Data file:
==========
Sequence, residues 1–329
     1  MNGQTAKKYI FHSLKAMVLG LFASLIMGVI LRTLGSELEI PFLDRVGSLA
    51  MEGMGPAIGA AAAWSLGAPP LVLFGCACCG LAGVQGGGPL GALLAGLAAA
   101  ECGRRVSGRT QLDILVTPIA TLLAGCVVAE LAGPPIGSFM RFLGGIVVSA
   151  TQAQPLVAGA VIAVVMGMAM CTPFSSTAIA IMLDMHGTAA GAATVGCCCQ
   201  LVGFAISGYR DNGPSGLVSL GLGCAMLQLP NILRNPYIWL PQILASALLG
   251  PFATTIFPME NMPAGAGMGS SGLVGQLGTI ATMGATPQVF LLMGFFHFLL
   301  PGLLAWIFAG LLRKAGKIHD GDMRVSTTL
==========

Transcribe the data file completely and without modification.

Sequence, residues 1–329
     1  MNGQTAKKYI FHSLKAMVLG LFASLIMGVI LRTLGSELEI PFLDRVGSLA
    51  MEGMGPAIGA AAAWSLGAPP LVLFGCACCG LAGVQGGGPL GALLAGLAAA
   101  ECGRRVSGRT QLDILVTPIA TLLAGCVVAE LAGPPIGSFM RFLGGIVVSA
   151  TQAQPLVAGA VIAVVMGMAM CTPFSSTAIA IMLDMHGTAA GAATVGCCCQ
   201  LVGFAISGYR DNGPSGLVSL GLGCAMLQLP NILRNPYIWL PQILASALLG
   251  PFATTIFPME NMPAGAGMGS SGLVGQLGTI ATMGATPQVF LLMGFFHFLL
   301  PGLLAWIFAG LLRKAGKIHD GDMRVSTTL